S.C. hospital collaborative formed to save money

By Ashley Barker
Published April 10, 2014
UPDATED: 10:15 a.m., April 11, 2014

Five health care systems in the Palmetto State, including the Medical University of South Carolina, have decided to become founding members of a new collaboration.

MUSC’s board of trustees voted Friday morning to join the Initiant Health Collaborative, along with McLeod Health, Palmetto Health, Greenville Health System and Self Regional Healthcare.

The Medical University of South Carolina’s board of trustees will decide Friday if it will join the Initiant Health Collaborative. (Photo by Ashley Barker)
The Medical University of South Carolina’s board of trustees decided Friday that it will join the Initiant Health Collaborative.
(Photo by Ashley Barker)
The five hospitals will remain independent and each other’s competition. But they will begin sharing basic health system administrative and clinical support functions, according to Dr. Patrick Cawley, executive director and CEO of the MUSC Medical Center.

“The Affordable Care Act is really putting pressure on hospitals to cut costs. This is in direct response to deal with those costs,” Cawley said.

The collaborative will be governed by a board of managers consisting of two voting members and one nonvoting member from each of the hospital systems. The board will meet six times a year, and all major issues will require unanimity since the limited liability company is owned by the founding members.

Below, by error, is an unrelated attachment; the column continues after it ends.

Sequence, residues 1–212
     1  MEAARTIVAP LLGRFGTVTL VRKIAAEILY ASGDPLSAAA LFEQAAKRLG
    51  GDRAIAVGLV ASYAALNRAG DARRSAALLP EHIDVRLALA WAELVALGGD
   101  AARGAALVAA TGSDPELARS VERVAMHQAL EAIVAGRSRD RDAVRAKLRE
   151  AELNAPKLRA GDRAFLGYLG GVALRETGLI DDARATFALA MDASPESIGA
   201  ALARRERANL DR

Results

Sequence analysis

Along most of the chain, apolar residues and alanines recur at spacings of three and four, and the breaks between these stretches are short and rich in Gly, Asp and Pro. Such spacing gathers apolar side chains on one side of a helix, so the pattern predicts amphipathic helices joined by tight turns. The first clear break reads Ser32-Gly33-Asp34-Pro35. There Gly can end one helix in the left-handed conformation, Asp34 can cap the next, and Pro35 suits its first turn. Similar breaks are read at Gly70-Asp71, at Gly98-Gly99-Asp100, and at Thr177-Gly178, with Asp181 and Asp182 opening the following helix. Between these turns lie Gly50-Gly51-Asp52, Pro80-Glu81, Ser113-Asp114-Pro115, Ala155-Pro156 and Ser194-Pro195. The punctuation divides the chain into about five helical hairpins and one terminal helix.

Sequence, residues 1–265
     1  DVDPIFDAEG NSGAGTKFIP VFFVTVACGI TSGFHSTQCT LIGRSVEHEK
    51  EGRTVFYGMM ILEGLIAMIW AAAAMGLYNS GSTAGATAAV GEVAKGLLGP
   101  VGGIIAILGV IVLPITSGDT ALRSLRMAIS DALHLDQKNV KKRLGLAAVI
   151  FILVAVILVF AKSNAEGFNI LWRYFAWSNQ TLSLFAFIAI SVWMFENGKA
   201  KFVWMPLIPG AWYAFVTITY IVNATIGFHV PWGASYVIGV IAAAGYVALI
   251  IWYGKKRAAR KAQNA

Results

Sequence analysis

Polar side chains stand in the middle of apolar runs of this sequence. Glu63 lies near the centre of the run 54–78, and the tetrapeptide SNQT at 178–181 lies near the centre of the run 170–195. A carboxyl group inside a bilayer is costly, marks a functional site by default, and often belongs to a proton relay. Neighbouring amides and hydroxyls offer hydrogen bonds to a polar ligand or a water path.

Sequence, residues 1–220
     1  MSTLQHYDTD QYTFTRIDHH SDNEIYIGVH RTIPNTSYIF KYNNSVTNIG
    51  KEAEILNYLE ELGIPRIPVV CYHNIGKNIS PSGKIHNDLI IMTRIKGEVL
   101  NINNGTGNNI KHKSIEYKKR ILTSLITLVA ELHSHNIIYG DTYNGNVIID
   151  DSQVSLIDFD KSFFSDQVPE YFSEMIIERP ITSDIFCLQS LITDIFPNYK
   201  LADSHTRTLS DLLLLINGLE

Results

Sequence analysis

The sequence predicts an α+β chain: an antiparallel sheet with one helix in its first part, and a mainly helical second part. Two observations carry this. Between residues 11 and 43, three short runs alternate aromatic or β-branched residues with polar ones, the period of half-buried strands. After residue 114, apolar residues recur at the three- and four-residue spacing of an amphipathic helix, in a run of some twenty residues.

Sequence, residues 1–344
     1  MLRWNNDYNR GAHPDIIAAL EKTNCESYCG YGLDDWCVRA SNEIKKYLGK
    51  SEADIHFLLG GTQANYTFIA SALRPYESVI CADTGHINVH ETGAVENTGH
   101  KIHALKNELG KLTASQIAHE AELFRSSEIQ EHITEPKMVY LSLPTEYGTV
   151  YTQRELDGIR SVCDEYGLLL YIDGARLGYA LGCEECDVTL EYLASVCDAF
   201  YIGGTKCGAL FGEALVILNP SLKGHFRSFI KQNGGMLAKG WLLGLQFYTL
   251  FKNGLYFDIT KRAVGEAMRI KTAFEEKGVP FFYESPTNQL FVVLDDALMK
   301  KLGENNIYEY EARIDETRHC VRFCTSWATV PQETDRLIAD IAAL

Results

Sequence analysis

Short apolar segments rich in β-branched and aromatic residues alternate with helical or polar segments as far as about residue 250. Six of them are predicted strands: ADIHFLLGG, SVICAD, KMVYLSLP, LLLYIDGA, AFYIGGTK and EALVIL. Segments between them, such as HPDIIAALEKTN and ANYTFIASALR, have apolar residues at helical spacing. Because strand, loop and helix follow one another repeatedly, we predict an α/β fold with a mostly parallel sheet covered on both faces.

The board will also designate officials to work on four committees — supply chain-capital spending, contracted services, information technology and population health support.

“If each of us (the hospitals) is buying a CAT scanner, why can’t we all get together and buy them together?” Cawley said. He’d also like to leverage the size of five hospital systems to negotiate cheaper contracts and spread the costs of technology upgrades over a larger body.

“We feel very strong that if the five of us work together and worked on costs together, we could remain independent. But it would send a signal, not only across South Carolina, but across the entire Southeast region, that there’s another group — another player — that you can link up with in order to get through the next realm of health care reform,” Cawley said.

Other nonprofit hospitals that are currently not in collaborative agreements are eligible to become participants of Initiant, which means “initiator” in French. The logo that accompanies the name includes a green greater-than sign designed to invoke the feeling of being stronger as a group.

“We wanted a strategic name, a name that invokes us being out there first and on the cutting edge,” Cawley said.

Health care collaborations are becoming a trend across the country, according to Cawley.

He said Iowa-based University of Iowa Health Alliance — consisting of University of Iowa Healthcare, Genesis Health System, Mercy Health Network and Mercy Cedar Rapids — is an example, along with the BJC Collaborative, which includes BJC HealthCare, CoxHealth, Memorial Health System and Saint Luke’s Health System.

An Initiant Health Collaborative kickoff meeting will be held for senior management in May or June, and the first board meeting will take place on June 5 in Columbia.

Reach Ashley Barker at 843-849-3144 or @AshleyNBarker.

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